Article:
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Host Kris Halterman will continue discussion about the “Green Apple” project between Renewable Energy Group and Phillips 66. Also, up for discussion is an update on the Climate Action Task Force’s recommendations to the Bellingham City Council, with Lance Calloway.

 *Renewable energy amendment begins at time stamp 3:26:00button 2

 *Final Resolution of amendment begins at time stamp 4:14:25


This week in the news there were two items of interest and concern that were reported upon, which are not getting the public attention they deserve.

First is the new Paid Family Medical Leave. On January 1, 2020, the State of Washington began to take application for resident—employees in Washington State for 12 to 16, and potentially up to 18 weeks of paid leave. At the last report 22,000 people have applied for PFML; a 300% increase in what the state projected to have received. The news report stated that the agency handling PFML are understaffed and scrambling to process these applications.

It comes as no surprise to me that this would occur, because as a member of the financial accounting community who processes payroll for a number of businesses, I could’ve told the legislators who passed this bill that the amount of tax being collected would not pay for this program or the benefits to be paid out.

The other issue I have with PFML being run by a government agency is the potential for fraud and an abuse of the taxpayer’s property. It will be very difficult, if not impossible, for government agencies to review and dispense these benefits in a manner that will ensure against fraud. The best way for such a plan to be implemented, would’ve been to give a credit to the business owner(s) who choose to offer this benefit. What could that credit look like? It could be a credit against their overall state B&O tax liability – a state B&O tax which needs to be reformed anyway. The employer knows if their employee is pregnant, or their spouse or significant other are pregnant, if a family member has a long-term care need, because they have a direct connection to their employee’s and whether or not the employee is in honest need of this benefit.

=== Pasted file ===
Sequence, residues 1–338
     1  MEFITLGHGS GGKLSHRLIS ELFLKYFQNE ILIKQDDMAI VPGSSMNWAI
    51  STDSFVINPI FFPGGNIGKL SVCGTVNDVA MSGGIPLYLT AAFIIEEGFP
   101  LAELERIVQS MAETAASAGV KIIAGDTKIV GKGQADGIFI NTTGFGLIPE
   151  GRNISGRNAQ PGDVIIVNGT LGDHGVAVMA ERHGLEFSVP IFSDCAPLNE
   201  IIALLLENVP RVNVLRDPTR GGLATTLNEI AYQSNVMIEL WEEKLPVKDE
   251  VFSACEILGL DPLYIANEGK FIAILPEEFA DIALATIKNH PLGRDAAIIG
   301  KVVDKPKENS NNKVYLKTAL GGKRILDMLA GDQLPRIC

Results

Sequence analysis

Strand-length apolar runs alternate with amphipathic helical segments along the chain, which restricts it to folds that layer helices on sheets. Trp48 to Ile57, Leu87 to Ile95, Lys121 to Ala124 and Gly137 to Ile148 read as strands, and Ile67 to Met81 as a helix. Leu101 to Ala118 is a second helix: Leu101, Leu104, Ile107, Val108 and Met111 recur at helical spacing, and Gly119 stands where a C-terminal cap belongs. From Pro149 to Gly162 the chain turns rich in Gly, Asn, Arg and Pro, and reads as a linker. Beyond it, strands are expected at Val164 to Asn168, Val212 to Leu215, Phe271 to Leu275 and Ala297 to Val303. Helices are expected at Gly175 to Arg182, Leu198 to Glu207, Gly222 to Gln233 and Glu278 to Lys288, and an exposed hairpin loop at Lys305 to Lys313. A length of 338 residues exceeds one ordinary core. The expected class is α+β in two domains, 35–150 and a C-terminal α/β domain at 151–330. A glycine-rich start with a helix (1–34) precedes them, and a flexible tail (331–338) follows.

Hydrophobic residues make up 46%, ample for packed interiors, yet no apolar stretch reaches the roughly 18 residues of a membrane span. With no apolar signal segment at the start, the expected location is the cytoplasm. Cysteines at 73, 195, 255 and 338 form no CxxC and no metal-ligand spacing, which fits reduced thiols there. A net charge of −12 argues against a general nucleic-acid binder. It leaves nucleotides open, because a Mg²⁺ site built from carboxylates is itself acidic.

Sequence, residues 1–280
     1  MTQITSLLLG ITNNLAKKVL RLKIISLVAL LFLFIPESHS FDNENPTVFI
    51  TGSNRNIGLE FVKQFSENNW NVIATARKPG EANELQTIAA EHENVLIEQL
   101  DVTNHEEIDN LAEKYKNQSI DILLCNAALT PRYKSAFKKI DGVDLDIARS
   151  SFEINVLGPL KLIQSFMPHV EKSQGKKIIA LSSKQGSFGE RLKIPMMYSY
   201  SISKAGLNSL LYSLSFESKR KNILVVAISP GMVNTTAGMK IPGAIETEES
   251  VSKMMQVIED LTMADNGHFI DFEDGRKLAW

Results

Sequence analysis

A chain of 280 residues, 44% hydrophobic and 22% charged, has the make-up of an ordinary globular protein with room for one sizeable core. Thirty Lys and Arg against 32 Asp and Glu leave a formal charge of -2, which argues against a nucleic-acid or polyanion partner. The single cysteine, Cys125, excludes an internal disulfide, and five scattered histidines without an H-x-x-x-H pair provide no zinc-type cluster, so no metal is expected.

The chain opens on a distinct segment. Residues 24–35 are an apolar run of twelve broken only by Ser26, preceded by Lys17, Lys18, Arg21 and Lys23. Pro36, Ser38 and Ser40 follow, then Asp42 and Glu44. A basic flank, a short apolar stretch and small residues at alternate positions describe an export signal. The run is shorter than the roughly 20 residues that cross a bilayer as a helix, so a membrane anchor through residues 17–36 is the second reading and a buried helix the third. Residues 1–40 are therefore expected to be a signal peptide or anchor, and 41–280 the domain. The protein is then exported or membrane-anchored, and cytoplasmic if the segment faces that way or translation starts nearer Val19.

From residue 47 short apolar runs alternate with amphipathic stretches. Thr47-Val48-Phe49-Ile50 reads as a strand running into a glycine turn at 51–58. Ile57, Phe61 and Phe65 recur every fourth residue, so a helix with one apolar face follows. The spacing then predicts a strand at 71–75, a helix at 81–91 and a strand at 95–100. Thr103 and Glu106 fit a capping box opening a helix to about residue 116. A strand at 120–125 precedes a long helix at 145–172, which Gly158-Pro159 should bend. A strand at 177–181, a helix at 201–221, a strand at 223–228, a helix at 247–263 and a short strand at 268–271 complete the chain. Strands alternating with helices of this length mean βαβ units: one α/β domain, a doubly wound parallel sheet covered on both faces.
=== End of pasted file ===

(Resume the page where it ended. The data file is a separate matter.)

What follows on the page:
Secondly, in the news this week was the states’ new B&O tax for education which, again, is already under water because so many students have applied for this benefit. To pay for this benefit the state increased the service industry B&O tax by 20%. I would advise anyone listening to this monologue to pay attention, they will be coming back for more money because they’ve made a promise and it’s not their money they’re spending, it is yours. It is the money you need to reinvest into your business to pay your employees, to pay your vendors, and to pay yourself if there’s anything leftover.

Pay attention people--the legislature is early into their session for this year and these bills were passed without proper economic analysis to ensure that they would be able to deliver on the promises ‘and’ not harm the economic vitality of our state and the businesses who  operate here.